Because the attributes of disturbance regimes are intertwined, it is difficult to separate them cleanly and assess how salmon are resilient to the various components. Moreover, each of the five main drivers has multiple disturbance attributes, as well as multiple directions of human impact on the regime. For example, hydrologic regime encompasses both peak and low flows, each of which influences salmon population performance, and human impacts can either reduce or exaggerate both attributes. Dam operations might dampen peak flows and increase low flows, whereas urbanization or climate change might increase peak flows and decrease low flows. Hence, it is difficult to summarize all the characteristics of natural disturbance regimes in a simple way, and to assess how human activities alter each aspect of disturbance regime. Here we describe some key aspects of disturbance regimes that salmon experience to set the stage for assessing their responses to dynamic environments.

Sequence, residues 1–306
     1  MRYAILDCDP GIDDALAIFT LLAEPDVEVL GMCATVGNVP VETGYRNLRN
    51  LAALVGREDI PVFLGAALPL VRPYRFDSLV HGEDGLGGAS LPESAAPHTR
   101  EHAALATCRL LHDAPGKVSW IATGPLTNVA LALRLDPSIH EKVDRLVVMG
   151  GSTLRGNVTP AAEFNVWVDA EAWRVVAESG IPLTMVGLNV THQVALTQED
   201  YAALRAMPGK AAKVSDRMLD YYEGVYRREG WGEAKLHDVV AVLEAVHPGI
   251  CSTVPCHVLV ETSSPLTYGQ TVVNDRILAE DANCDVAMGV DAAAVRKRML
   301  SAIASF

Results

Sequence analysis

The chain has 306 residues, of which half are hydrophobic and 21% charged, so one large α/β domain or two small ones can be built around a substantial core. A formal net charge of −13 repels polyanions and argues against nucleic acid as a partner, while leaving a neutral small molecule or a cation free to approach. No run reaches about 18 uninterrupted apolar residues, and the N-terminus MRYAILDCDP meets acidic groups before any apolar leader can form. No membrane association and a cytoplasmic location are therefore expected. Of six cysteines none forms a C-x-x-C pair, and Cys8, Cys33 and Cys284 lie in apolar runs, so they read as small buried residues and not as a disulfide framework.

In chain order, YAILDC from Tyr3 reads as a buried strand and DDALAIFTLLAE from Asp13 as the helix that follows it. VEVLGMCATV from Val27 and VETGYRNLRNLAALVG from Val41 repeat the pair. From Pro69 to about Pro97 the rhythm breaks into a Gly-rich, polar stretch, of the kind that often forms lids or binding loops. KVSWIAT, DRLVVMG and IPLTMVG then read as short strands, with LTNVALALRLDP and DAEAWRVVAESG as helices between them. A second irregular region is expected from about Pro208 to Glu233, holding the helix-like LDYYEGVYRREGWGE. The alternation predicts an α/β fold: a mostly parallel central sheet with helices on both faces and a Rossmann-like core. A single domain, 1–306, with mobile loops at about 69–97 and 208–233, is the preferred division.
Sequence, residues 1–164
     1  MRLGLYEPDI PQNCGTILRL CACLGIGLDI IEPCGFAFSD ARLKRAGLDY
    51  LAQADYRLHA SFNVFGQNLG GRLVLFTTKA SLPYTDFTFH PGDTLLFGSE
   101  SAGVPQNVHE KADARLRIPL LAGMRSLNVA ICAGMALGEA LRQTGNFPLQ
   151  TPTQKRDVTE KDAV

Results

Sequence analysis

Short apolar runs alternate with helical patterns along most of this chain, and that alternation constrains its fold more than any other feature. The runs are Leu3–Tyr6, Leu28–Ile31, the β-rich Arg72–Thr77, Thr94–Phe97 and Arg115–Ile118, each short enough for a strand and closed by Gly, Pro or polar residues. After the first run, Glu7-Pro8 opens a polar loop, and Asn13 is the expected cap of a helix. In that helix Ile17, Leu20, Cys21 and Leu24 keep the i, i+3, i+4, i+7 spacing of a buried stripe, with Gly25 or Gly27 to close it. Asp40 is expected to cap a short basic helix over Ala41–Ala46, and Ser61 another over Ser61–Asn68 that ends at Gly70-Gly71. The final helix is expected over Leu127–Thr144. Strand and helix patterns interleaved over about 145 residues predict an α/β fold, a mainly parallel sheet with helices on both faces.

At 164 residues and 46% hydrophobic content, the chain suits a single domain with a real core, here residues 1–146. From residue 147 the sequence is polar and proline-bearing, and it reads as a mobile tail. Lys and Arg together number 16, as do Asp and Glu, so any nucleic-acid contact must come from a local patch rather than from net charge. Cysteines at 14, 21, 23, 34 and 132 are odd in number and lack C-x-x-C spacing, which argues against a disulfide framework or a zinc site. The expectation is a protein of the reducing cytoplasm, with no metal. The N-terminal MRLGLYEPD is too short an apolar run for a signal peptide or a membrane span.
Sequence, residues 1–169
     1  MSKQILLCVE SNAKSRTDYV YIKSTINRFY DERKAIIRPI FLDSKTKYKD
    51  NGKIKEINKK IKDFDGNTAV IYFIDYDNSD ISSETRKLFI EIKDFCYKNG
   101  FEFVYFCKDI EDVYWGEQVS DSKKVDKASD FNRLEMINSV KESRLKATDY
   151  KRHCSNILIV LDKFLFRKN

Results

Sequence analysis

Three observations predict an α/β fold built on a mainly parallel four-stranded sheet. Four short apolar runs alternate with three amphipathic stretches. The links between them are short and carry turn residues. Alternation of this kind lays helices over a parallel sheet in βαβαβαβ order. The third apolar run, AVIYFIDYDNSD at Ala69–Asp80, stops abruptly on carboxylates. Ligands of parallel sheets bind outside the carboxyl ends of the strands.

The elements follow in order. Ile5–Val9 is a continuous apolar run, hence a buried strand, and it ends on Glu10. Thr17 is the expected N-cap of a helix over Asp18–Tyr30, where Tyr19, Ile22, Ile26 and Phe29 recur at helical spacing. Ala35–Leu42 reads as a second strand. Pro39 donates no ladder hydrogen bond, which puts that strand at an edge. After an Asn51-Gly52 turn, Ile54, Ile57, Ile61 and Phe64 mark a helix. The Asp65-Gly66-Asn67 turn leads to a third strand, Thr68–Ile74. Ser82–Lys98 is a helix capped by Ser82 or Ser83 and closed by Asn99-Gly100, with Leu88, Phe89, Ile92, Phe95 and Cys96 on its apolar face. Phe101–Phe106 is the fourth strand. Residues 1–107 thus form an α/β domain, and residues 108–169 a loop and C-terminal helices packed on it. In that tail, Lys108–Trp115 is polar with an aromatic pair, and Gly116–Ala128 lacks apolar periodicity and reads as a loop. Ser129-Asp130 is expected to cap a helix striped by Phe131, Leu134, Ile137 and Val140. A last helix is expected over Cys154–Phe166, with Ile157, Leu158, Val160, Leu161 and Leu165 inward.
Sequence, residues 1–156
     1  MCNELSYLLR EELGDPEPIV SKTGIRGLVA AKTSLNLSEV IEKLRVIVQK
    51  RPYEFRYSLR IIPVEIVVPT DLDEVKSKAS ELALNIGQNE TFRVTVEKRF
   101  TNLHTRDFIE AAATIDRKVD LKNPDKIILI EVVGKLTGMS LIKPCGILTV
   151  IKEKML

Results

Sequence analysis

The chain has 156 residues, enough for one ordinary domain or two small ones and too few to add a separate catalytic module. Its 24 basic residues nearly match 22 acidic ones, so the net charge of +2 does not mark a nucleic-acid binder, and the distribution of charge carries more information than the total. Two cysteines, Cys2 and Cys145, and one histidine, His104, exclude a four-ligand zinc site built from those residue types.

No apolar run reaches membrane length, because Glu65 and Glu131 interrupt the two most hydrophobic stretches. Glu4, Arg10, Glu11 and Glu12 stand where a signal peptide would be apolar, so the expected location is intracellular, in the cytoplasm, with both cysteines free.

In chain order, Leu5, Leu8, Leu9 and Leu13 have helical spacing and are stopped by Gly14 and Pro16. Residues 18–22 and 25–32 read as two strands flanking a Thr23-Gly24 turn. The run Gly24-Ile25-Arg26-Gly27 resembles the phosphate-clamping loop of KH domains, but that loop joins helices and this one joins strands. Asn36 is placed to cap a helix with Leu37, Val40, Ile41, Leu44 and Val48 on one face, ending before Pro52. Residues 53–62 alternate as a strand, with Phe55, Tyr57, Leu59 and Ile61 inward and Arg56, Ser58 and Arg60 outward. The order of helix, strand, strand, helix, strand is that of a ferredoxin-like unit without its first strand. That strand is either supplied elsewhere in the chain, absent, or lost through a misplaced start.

Hydrologic and sediment supply regimes that occurred prior to European settlement were typified on the one hand by high-magnitude, low-frequency events such as floods and landslides, and on the other hand by infrequent periods of low flow or sediment supply (Reeves et al. 1995). Floods occur annually throughout the Pacific Northwest, and most extreme events tend to occur either during fall and winter rain storms combined with snowmelt (Sumioka et al. 1998), or during localized storm-related flood events in spring and summer. Low flows for most salmon populations occur in late summer and early fall, and in some regions long reaches of river are dry for weeks to months during that period. High-intensity rainfall events are the primary drivers of erosion, both in coastal areas where landslides dominate and in the interior where surface erosion dominates (Beechie et al. 2003). Erosion events can reduce salmon survival in a local area for up to several years, but most are too small to significantly alter channel morphology and habitat structure. By contrast, long periods of low erosion intensity can lead to sediment-poor stream conditions and lack of spawning and rearing habitat. Although this is not a common occurrence within the range of Pacific salmon, such episodes of low sediment supply can persist for decades to centuries until fires and storms conspire to increase sediment delivery rates (Benda and Dunne 1997).